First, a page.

It is part of the CD recording process, else your CD would sound godawful. If you didn't have a anti-aliasing filter, when you recorded a 18 kHz sine wave, the CD on playback you give you back a 18 kHz sine wave and an equally loud 26.1 kHz sine wave. That's the original frequency, and the difference of that frequency and the sampling frequency of 44.1 kHz.

It would be worse on a telephone. Telephone trunks have been digital for decades, with an 8 kHz sampling frequency. Without the anti-aliasing (low-pass) filter on sampling, 3 kHz in would result in 3 and 5 kHz out. Completely non-harmonic distortion. My answering machine has inadequare low-pass filtering before record, and there's this Donald Duck background noise along with the voices. Ugh!

You get beats between the input signal and the sampling rate. That's what causes the Moire patterns in digital photography. That difference frequency is known as an "image".

I don't understand why Leica left off the anti-aliasing filter, unless it made the light falloff issue worse, which was the hobgoblin of the M8 project. There is no way in software to accurately separate out the true signal and the "image". No matter what Leica and Canon claim.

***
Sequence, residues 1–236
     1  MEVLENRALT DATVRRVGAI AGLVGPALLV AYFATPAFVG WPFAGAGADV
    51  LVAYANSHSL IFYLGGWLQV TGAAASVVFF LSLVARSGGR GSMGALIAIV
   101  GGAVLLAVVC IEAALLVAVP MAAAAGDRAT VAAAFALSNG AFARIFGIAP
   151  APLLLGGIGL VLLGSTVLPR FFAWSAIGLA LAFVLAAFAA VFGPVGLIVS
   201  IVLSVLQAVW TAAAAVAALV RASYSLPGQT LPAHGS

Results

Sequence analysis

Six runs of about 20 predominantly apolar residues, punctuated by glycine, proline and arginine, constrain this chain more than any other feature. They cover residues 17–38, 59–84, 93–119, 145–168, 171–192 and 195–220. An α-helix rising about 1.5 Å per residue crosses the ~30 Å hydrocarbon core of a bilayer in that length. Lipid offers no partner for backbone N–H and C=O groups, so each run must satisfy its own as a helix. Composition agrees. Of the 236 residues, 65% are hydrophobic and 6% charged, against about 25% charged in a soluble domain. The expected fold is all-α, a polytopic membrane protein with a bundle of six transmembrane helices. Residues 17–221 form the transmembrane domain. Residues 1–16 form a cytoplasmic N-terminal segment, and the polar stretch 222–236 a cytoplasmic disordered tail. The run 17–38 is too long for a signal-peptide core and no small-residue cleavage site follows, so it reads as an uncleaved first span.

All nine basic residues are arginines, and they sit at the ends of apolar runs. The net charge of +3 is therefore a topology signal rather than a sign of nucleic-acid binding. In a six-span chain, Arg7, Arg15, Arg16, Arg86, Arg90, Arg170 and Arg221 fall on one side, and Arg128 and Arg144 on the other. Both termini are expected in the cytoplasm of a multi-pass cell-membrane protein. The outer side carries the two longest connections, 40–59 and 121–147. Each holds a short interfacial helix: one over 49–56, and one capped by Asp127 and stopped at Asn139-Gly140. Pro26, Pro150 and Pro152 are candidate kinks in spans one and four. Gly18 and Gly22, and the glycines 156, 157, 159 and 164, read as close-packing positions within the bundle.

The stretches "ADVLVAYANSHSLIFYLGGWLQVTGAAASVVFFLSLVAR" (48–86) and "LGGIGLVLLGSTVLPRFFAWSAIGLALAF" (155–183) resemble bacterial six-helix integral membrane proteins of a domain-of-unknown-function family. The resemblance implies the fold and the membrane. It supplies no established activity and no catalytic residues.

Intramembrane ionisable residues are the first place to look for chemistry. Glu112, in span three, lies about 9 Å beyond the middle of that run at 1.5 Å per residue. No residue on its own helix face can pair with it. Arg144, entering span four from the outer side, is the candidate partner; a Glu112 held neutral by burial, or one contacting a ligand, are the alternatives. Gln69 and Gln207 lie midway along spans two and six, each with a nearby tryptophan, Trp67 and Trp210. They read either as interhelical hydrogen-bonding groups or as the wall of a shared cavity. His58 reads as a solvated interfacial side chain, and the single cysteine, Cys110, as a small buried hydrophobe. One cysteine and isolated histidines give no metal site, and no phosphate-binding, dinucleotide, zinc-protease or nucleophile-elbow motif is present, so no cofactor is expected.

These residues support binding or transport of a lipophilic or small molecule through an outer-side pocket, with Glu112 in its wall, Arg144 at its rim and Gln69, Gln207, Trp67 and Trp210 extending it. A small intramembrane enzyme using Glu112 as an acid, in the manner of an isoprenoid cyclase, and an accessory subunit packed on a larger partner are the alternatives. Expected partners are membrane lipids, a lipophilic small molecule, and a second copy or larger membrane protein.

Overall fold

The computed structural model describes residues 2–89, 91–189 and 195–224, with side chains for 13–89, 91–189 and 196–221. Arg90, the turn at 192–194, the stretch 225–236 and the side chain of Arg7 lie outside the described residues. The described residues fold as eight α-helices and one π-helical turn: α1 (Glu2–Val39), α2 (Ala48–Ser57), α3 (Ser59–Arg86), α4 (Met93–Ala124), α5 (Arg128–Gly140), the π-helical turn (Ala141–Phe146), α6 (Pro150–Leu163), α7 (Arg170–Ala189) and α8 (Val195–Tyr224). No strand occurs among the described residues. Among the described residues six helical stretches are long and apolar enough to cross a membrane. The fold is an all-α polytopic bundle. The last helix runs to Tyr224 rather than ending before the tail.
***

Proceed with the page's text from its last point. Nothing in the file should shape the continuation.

Leaving the anit-aliasing filter out is specmanship, it cannot result in more accurate photographs. I presume that the software just tries to detect the imaging or beats, and just blurs the area to hide them. I suspect it only works because the lenses are providing a low-pass filter that drops off fast enough to attenuate the aliased images.

It was interesting that all the Kodak pro digital cameras had excellent anti-aliasing filters. They understand all the theory behind digital imaging.

Oh, a good anti-alaising filter (sometimes called optical low-pass) is expensive.

John Shriver
10-20-2006, 18:02
Wikipedia's article on the Nyquist-Shannon Sampling Theorem is excellent.

jano
10-20-2006, 18:19
My answering machine has inadequare low-pass filtering before record, and there's this Donald Duck background noise along with the voices.

Sorry, kinda OT.. would you mind posting a recording of this.. :D

First, the obligatory disclaimer: I am a total layman with this. Regarding the AA filter.. it is my understanding that it is a piece of some kind of material located immediatley before the sensor. Is it possible to sell third-party AA filter like a UV filter for a lens -- and mount it directly to the lens? or would it actually have to go immediatley in front of the sensor?

DaveSee
10-20-2006, 20:39